Atlanta Braves Franchise best catchers: Del Crandall

Joe Torre caught for the Atlanta Braves and Milwaukee Braves from 1960-68(Photo by Focus on Sport/Getty Images)
Joe Torre caught for the Atlanta Braves and Milwaukee Braves from 1960-68(Photo by Focus on Sport/Getty Images) /
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The number three catcher on the Atlanta Braves’ franchise list, is Del Crandall, seen here denying access to home plate. (Photo Reproduction by Transcendental Graphics/Getty Images) /

GameChanger

At 5-9 and 190 pounds, Roy Campanella had the typical body type for a catcher of that era. Crandall presented a different look and style; a slim, agile, athletic catcher with a rocket for an arm, he moved quickly behind the plate, blocked pitches well, and cut down 17 of 33 runners (52%) attempting to steal in his first season.

Crandall would throw to any base if a runner wandered too far off the bag, something unheard of at that time, and caused considerable angst to his manager and coaches. That didn’t stop the Braves from penciling him in as primary catcher in 1950, but a broken finger limited his play, and Crandall caught just 79 games his sophomore year.

Crandall spent the 1951 and 1952 seasons in the military and returned to spring training in 1953, a stronger, fitter, and more mature player. A month before the season started, the Boston Braves became the first team to relocate since 1903 and took the name of their new home city, the Milwaukee Braves.

Del Crandall takes charge

Crandall started the 1953 campaign by catching a three-hit shutout and doubling in the fifth inning, and scoring the Braves second run. On June first, he was batting .326/.381/573/.954, with five homers, five doubles, and a stolen base.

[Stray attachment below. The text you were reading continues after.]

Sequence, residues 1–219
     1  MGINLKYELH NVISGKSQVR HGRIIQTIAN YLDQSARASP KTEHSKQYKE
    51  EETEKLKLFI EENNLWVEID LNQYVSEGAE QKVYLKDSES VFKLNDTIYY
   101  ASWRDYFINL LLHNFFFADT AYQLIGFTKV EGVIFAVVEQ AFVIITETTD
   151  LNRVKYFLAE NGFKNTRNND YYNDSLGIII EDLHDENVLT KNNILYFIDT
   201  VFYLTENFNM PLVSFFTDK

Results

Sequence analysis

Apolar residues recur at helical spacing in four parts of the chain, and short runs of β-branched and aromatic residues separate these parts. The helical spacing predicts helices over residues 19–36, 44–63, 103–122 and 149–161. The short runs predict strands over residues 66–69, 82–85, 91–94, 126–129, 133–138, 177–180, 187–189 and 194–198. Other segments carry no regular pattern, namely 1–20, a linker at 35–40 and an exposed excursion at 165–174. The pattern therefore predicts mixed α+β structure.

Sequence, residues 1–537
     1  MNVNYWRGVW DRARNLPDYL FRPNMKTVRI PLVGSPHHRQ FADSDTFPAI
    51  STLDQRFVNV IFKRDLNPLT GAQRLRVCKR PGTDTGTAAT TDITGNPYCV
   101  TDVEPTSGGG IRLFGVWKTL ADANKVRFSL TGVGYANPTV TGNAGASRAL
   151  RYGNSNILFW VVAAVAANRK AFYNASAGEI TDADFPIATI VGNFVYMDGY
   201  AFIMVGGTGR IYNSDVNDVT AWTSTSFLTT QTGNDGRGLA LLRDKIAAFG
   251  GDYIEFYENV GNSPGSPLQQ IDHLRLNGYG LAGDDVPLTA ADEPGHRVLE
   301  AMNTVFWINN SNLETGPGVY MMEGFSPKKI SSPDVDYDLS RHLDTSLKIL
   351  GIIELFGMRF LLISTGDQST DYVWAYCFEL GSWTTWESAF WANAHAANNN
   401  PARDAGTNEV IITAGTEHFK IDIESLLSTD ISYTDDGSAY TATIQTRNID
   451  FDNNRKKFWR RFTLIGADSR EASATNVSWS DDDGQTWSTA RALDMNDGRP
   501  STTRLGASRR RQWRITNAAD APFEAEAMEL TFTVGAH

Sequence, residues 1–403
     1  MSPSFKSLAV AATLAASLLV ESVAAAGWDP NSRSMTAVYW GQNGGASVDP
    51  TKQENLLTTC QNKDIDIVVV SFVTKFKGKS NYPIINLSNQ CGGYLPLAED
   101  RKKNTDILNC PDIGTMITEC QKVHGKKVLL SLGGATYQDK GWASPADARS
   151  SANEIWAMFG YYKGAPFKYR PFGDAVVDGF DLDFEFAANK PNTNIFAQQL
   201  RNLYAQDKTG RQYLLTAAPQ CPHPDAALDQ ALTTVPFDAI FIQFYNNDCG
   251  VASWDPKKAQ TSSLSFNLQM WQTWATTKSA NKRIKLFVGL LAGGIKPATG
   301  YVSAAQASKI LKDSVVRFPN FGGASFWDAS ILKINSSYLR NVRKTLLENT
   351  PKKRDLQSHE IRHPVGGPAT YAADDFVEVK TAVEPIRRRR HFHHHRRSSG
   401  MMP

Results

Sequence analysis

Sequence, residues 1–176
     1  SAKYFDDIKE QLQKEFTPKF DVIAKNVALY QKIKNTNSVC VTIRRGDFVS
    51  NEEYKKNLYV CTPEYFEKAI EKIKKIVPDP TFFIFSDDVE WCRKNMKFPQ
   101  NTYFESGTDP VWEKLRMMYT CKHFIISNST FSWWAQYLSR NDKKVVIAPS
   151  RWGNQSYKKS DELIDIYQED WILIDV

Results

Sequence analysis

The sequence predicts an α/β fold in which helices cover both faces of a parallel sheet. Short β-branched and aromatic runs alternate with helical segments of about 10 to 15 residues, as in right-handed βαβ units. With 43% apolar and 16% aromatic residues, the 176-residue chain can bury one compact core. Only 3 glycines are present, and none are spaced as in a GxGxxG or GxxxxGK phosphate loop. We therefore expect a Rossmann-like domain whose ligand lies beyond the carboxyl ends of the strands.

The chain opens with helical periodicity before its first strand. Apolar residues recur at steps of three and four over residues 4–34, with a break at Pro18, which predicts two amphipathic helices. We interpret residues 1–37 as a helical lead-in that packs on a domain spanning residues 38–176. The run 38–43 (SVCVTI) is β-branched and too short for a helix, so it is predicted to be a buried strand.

NL manager Charlie Dressen selected Crandall him for the first of eight All-Star games, but on June 8, Crandall took a foul ball off his right hand that created a deep cut between his ring and middle finger. He missed the All-Star game and the next 13 Braves games, and when he returned, the sore hand and the layoff affected his bat.

He finished the season batting .272/.330/.429/.759 with 15 homers and threw out 27 of 53 attempted stealers (48%) in 105 games. His bat and defense help the Braves reach second-place and earned him 24th place in NL MVP voting.

Fast forward now to the 1957 campaign which Milwaukee won going away at 95-59, setting them up for a World Series face-off against the mighty Yankees (98-56).

Crandall caught Warren Spahn’s victory in game one, all three of Lew Burdette’s complete-game wins over the Yankees. When Burdette got the ball on two days rest, the Milwaukee bullpen was on standby from the first inning on, but Crandall guided Burdette through the rough patches and homered in the eighth inning of game seven to give the Braves a 5-0 lead.

When Burdette loaded the bases in the bottom of the ninth, Crandall reminded him that a slam wasn’t enough to beat the Braves. Burdette responded by coaxing a hard-hit grounder to Eddie Mathews to end the 1957 World Series and bring the Atlanta Braves Franchise its first world title since 1914.

The Braves failed to repeat as World Series champs in 1958, but they took the Yankees to seven games, and Crandall once again homered in game seven to bring the Braves within two.